Inspired by a conversation between both creators, Dawes’s lyrical prose and Feelings’s sketches and illustrations capture the myriad of faces and experiences within the Africa diasporas.

Flett, Julie; translated by the Cree Literacy Network. We All Play/ Kimêtawânaw. (Greystone Kids, 2021). Bilingual. English; Plains Cree (y-dialect).
An ideal book for very young readers, with appealing illustrations showing animals romping about in their respective habitats—and children playing just like the animals do.

Fritsch, Kelly & Anne McGuire; illustrated by Eduardo Trejos. We Move Together. (AK Press, 2021). English.
Disability justice, positivity, and inclusivity are at the center of this title. Simple text and bright illustrations appeal to children, while thorough back matter guides any adults who may have questions, or field questions from curious young readers.

Gonzalez, Maya Christina & Matthew SG. They, She, He: Easy As ABC. (Reflection Press, 2019). English.
Through this inclusive alphabet book, children learn about ­pronouns, what makes each one of us unique, and the joys of childhood.

Greenfield, Eloise; illustrated by Colin Bootman. Alaina and the Great Play. (Alazar Press, 2021). English.
Rambunctious kindergartner Alaina prepares for her speech at the end of the play at school, then embellishes a bit once on stage. Told with Greenfield’s characteristic humor and love for her young Black characters, this book was released shortly before her passing in August, 2021.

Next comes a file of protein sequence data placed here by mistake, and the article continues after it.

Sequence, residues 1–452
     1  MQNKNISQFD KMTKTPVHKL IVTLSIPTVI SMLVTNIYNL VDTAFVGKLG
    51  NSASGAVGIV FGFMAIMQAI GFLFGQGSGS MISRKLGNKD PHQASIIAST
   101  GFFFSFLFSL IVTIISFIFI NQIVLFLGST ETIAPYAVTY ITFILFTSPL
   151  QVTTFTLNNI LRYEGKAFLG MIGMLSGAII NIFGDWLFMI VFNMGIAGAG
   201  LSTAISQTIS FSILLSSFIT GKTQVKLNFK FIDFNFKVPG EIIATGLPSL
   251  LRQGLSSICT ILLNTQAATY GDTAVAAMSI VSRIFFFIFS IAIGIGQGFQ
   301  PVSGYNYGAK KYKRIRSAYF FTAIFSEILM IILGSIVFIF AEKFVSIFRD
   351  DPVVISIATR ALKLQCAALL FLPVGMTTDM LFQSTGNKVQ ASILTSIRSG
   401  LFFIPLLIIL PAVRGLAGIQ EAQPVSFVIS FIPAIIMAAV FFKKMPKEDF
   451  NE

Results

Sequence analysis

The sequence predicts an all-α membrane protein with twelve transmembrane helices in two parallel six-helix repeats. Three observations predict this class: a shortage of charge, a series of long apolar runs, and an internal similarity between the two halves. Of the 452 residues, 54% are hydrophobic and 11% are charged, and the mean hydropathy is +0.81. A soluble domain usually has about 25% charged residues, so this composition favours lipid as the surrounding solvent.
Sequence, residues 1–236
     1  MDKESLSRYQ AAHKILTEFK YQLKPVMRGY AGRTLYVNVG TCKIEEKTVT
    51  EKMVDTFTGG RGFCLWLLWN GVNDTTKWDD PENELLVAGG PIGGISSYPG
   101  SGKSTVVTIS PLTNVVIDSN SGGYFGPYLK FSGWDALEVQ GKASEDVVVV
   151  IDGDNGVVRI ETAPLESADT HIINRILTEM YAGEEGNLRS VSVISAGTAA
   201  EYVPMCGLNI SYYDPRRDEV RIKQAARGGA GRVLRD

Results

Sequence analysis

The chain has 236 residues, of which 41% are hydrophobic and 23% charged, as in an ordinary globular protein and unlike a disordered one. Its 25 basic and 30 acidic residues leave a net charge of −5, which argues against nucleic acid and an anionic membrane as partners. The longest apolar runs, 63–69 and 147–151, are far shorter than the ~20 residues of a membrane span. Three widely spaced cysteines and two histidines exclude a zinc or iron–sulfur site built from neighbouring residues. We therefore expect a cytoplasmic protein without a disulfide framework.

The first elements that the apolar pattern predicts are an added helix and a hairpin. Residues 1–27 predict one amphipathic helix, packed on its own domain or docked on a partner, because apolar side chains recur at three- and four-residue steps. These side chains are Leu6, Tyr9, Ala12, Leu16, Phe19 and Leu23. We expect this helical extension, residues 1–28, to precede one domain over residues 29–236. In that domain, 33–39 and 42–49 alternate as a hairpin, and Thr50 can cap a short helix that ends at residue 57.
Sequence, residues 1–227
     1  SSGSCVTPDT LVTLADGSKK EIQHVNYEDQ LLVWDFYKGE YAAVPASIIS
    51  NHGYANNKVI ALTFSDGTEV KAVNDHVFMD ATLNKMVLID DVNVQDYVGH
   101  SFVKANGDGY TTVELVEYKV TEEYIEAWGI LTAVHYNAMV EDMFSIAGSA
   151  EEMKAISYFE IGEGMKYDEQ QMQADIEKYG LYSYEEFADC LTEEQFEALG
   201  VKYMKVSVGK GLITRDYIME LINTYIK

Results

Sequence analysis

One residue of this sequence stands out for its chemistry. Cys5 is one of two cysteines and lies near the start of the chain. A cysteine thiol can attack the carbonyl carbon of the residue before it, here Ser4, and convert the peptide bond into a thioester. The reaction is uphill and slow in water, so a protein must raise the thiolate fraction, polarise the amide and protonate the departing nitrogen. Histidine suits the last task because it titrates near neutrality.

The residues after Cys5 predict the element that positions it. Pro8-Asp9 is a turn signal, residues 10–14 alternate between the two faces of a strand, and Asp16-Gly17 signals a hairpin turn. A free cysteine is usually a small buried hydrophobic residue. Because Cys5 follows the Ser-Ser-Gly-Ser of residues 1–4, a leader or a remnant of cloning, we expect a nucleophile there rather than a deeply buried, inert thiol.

Higuera, Donna Barba; illustrated by Juliana Perdomo. El Cucuy Is Scared, Too! (Abrams, 2021). English.
Neither Ramón nor El Cucuy, the monster who lives in Ramón’s cactus pot, can sleep. Both are scared for different reasons, but each comforts the other in their own way.

Hooks, Bell; illustrated by Chris Raschka. Be Boy Buzz. (Disney/Jump at the Sun, 2002); (Little, Brown, 2016). English.
This bright and attractive title, released in board book format in 2016, delivers all the buzz on being a boy. bell hooks passed away in December, 2021.

Johnson, Angela; illustrated by Rhonda Mitchell. Mama Bird, Baby Birds. (Orchard Books, 1994). English.
Two siblings interact with a baby bird in their backyard, and learn the connection, care, and love between mothers and their babies.

Johnston, Aviaq; illustrated by Tim Mack. What’s My Superpower? (Inhabit Media, 2017). English.
Nalvana can identify the different superpowers her friends and family have, but she struggles to find her own superpowers…that were within her all along.

Lazo Gilmore, Dorina K.; illustrated by Kristi Valiant. Cora Cooks Pancit. (Shen’s Books/Lee & Low, 2009). English.
With her older siblings busy, Cora finally gets to be Mama’s assistant chef! After helping to cook her favorite Filipino dish, pancit, Cora wonders what the rest of her family will think.

Lil Nas X; illustrated by Theodore Taylor III. C Is for Country. (Random House, 2021). English.
Howdy readers! African American country performer Lil’ Nas makes sure everyone knows how much fun we can all have out in the country.

Luby, Brittany; illustrated by Joshua Mangeshig Pawis-Steckley; translated by Alvin Ted Corbiere & Alan Corbiere. Mii maanda ezhi-gkendmaanh/This Is How I Know: A Book About the Seasons. (Groundwood, 2021). Bilingual (Anishinaabemowin; English)
An intergenerational story in which a child and her grandmother interact with nature and identify what makes each of the different seasons unique.